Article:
Spain’s former king wins permission to appeal in harassment case

Spain's former king Juan Carlos I on Monday won permission to appeal against a London court ruling that allowed his former lover to bring a harassment case against him.

Spain's emeritus king, who is in self-imposed exiled in the UAE, strenuously denies the harassment allegations.(Photo by OSCAR DEL POZO / AFP)

Corinna zu Sayn-Wittgenstein-Sayn, 58, is seeking civil personal injury damages from the 84-year-old monarch, who lives in the United Arab Emirates.

In March, a High Court judge rejected Juan Carlos’ claim that he had state immunity and that English courts had no jurisdiction to hear the case.

Judge Matthew Nicklin ruled that he was no longer a member of the royal household of his son, the current Spanish King Felipe VI, that would give him legal protection.

But two judges at the Court of Appeal have now allowed him to challenge the ruling about whether he had immunity before his abdication in 2014.

Court documents claim that the pair were in an “intimate romantic relationship” between 2004 and 2009, and that he showered her with gifts, even after they broke up.

The case was adjourned without a date for a full hearing being set.

Zu Sayn-Wittgenstein-Say alleges that Juan Carlos harassed her after she declined to rekindle the relationship, using threats, break-ins at her properties and surveillance.

Lawyers for the Danish businesswoman accuse him of trying to frustrate her claim.

Juan Carlos, who appeared in court documents under his full name Juan Carlos Alfonso Victor María De Borbón y Borboón, strenuously denies the allegations.

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Spain opens probe into King Juan Carlos’s hunting expenses

Spain's tax office has opened an investigation into the former king's expenses during hunting expeditions, a newspaper reported Wednesday, just months after prosecutors shelved three other probes into his financial affairs.

Spain opens probe into King Juan Carlos's hunting expenses

According to El Mundo daily, the tax office has asked Juan Carlos I “to account for the origin of funds used to pay for the flights and other expenses incurred” on various hunting trips between 2014 and 2018.

The suspicion is that the hunting trips, which took place after his abdication in 2014 when he no longer benefitted from immunity as king, were paid for as a gift.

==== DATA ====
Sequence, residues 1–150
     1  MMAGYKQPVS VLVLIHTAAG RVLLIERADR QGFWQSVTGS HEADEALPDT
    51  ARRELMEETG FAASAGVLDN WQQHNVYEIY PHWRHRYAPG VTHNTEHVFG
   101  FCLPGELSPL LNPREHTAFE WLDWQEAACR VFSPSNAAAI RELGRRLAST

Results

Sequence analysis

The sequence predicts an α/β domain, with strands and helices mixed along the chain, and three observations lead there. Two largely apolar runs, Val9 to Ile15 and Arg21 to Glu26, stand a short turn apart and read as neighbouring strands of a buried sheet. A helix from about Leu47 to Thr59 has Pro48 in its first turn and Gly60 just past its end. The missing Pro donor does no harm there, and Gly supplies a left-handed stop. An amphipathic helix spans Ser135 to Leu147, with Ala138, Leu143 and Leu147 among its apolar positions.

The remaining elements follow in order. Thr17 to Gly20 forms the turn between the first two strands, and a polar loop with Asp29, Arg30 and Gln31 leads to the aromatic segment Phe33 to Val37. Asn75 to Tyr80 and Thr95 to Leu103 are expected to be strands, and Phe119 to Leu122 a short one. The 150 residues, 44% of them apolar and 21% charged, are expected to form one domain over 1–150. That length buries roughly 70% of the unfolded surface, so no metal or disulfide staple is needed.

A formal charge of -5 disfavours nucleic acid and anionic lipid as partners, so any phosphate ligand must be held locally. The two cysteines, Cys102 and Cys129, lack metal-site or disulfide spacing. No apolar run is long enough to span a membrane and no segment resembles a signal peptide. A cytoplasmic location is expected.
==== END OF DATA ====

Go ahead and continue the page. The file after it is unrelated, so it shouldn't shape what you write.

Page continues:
Taxpayers in Spain must declare any gifts received to the authorities within a certain timeframe.

Contacted by AFP, the tax office refused to comment.

The former king flew back to Spain last month for his first visit in nearly two years, since fleeing to Abu Dhabi to live in self-imposed exile following a string of financial scandals.

Although prosecutors closed their probes into his affairs in March, revelations about the murky origins of his fortune have done irreparable damage to a figure once revered for his role in Spain’s democratic transition after decades of dictatorship.

According to the newspaper, the sums involved do not exceed €120,000  ($129,000) per year, which is the threshold for an offence against the treasury.

Such an offence carries a penalty of between one and five years in prison.

Earlier this year, prosecutors admitted identifying “sums defrauded from the Treasury” between 2008 and 2012 but said they were dropping the case for reasons including “the inviolability of the head of state and tax regularisation” payments he made in recent years.

No more regattas… for now

Since leaving Spain in August 2020, Juan Carlos has twice settled tax debts on undeclared income for over five million euros ($5.37 million) in what was widely seen as a bid to avoid being charged with a crime.

During his brief trip home last month, which stirred much controversy, the 84-year-old attended a regatta in Sanxenxo in the north-western Galicia region then spent half a day at Madrid’s Zarzuela Palace with his son, King Felipe VI, and other family members.

He had been due to return this weekend for another regatta featuring his six-metre (20-foot) racing yacht “Bribon” (Spanish for ‘rascal’), but recently pulled out, a spokesman for the Sanxenxo sailing club told AFP.

El País newspaper said his decision was likely taken in light of the palace’s determination to avoid another controversial media spectacle such as that generated by his first trip.

It is not the first time that Juan Carlos’ passion for hunting has got him into trouble: 10 years ago, when Spain was mired in recession during the global financial crisis, it emerged that he had taken a luxury elephant hunting trip in Botswana with his former lover.

Details came out after he broke his hip and had to be flown home for surgery, prompting him to publicly apologise.

That incident shattered years of silence over his opulent lifestyle, ruining his image and triggering a string of investigations into his opaque fortune.